The National Institute on Alcohol Abuse and Alcoholism (NIAAA), a part of the U.S. National Institutes of Health (NIH), has identified five distinct subtypes of alcoholism by analysing a national sample of individuals suffering from alcohol dependence.
"Our findings should help dispel the popular notion of the 'typical alcoholic,'" notes first author Dr. Howard B. Moss, NIAAA Associate Director for Clinical and Translational Research.
Advertisement"We find that young adults comprise the largest group of alcoholics in this country, and nearly 20 per cent of alcoholics are highly functional and well-educated with good incomes. More than half of the alcoholics in the United States have no multigenerational family history of the disease, suggesting that their form of alcoholism was unlikely to have genetic causes," he adds.
NIAAA Director Dr. Ting-Kai Li says that the study, published online in the Journal Drug and Alcohol Dependence, was an attempt by the researchers to understand why some alcoholics improve with specific medications and psychotherapies, while others do not.
"Clinicians have long recognized diverse manifestations of alcoholism, and researchers have tried to understand why some alcoholics improve with specific medications and psychotherapies while others do not. The classification system described in this study will have broad application in both clinical and research settings," Dr. Li says.
The researchers say that the five alcoholism subtypes identified were Young Adult subtype (31.5 per cent of U.S. alcoholics), Young Antisocial subtype (21 per cent), Functional subtype (19.5 per cent), Intermediate Familial subtype (19 per cent), and Chronic Severe subtype (9 per cent).
They gathered information about individuals with alcoholism by conducting the National Epidemiological Survey on Alcohol and Related Conditions (NESARC), a nationally representative epidemiological study of alcohol, drug, and mental disorders. It suggested that only about one-fourth of individuals with the condition had ever received treatment.
The findings clearly indicate that the previous studies carried out to identify alcoholism subtypes would not have represented a substantial proportion of people with alcoholism in the samples used for them, as those projects focused primarily on individuals who were hospitalised or otherwise receiving treatment for alcoholism.
Young Adult subtype included young adult drinkers with relatively low rates of co-occurring substance abuse and other mental disorders, a low rate of family alcoholism, and who rarely seek any kind of help for their drinking.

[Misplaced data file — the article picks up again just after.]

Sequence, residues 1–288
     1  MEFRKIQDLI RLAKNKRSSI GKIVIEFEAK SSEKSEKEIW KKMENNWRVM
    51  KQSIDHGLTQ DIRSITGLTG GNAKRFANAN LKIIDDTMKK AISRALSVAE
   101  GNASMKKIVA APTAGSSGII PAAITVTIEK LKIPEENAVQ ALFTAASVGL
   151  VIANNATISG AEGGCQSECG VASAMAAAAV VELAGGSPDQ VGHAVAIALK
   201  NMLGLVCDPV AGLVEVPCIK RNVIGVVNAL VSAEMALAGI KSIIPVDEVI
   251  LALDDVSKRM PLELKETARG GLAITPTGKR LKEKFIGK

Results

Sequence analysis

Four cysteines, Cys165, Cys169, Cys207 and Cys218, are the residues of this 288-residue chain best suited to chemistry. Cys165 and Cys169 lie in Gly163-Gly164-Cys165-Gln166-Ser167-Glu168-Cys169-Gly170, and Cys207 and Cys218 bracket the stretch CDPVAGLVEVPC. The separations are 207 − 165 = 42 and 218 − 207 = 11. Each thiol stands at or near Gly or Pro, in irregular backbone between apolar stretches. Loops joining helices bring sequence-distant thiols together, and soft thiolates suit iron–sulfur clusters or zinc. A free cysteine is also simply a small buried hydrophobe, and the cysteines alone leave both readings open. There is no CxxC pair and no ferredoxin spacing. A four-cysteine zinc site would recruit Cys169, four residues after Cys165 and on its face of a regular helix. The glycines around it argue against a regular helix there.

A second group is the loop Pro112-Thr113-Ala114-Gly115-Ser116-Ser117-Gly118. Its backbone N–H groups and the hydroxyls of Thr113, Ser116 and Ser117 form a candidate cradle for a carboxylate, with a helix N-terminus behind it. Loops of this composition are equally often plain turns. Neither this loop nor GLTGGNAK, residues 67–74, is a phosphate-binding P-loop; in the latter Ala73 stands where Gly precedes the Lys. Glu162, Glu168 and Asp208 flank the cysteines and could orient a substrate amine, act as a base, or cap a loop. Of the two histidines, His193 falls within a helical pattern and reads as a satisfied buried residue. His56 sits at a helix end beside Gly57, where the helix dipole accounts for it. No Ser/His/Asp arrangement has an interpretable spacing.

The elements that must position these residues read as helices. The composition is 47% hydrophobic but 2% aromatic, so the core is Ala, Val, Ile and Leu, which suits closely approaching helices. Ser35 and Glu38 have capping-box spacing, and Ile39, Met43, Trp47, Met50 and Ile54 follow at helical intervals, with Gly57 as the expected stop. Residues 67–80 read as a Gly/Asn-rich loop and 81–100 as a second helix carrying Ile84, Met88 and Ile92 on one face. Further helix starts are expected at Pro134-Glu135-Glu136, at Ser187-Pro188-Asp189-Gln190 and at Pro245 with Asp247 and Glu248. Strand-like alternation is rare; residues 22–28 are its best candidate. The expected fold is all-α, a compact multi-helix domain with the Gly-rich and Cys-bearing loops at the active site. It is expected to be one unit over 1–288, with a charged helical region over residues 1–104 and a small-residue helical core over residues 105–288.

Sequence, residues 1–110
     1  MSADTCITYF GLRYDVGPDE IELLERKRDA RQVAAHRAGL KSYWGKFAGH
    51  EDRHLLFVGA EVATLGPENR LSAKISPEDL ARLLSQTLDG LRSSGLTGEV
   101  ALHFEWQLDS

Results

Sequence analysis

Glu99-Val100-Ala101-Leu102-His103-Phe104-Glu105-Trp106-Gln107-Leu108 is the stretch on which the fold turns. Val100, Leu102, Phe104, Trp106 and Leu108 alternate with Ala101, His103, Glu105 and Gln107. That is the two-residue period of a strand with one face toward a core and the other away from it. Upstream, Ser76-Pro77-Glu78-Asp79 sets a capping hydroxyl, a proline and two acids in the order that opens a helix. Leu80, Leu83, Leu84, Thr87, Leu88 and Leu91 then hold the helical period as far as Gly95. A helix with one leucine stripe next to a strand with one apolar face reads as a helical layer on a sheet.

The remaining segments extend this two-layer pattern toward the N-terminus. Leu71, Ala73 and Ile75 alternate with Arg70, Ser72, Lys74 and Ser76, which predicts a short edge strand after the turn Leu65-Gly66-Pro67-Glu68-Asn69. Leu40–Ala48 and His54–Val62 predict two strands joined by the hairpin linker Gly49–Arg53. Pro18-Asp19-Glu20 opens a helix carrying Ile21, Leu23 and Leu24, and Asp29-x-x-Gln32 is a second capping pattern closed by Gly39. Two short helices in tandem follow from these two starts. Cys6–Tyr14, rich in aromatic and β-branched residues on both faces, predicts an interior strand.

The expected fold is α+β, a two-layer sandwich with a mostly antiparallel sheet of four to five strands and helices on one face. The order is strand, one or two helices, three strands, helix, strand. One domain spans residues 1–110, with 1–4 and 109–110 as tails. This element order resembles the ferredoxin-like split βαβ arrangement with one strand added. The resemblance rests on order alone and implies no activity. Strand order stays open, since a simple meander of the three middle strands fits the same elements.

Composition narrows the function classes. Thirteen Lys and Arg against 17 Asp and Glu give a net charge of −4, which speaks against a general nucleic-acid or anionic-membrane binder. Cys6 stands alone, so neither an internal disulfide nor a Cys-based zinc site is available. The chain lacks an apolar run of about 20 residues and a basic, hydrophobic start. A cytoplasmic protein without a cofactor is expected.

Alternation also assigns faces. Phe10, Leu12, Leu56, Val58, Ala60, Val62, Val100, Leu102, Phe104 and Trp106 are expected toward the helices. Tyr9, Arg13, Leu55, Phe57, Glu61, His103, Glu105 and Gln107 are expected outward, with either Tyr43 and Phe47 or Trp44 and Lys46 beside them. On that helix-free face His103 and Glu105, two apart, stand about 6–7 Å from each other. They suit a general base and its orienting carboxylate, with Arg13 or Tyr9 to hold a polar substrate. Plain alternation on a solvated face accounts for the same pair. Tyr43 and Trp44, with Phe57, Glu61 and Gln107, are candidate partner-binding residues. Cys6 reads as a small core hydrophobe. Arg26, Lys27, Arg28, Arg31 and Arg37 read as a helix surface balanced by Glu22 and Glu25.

Young Antisocial alcoholics were in their mid-twenties, had early onset of regular drinking, and alcohol problems. More than half of them came from families with alcoholism, and about half had a psychiatric diagnosis of Antisocial Personality Disorder. Many had major depression, bipolar disorder, and anxiety problems, and over 75 per cent smoked cigarettes and marijuana, and many also had cocaine and opiate addictions. More than one-third of them sought help for their drinking.
Functional alcoholics were typically middle-aged, well-educated people with stable jobs and families. About one-third of them had a multigenerational family history of alcoholism, about one-quarter had major depressive illness sometime in their lives, and nearly 50 per cent were smokers.
Intermediate Familial alcoholics were middle-aged people with about 50 per cent from families with multigenerational alcoholism. Almost half of them had had clinical depression, and 20 per cent bipolar disorder. Most of them smoked cigarettes, and nearly one in five had problems with cocaine and marijuana use. Only 25 per cent ever sought treatment for their problem drinking.
Chronic Severe alcoholics comprised mostly of middle-aged individuals who had early onset of drinking and alcohol problems, with high rates of Antisocial Personality Disorder and criminality. Almost 80 per cent of them came from families with multigenerational alcoholism. They had the highest rates of other psychiatric disorders, and two-thirds of them had sought help for drinking problems.
The researchers also report that co-occurring psychiatric and other substance abuse problems are associated with severity of alcoholism and entering into treatment.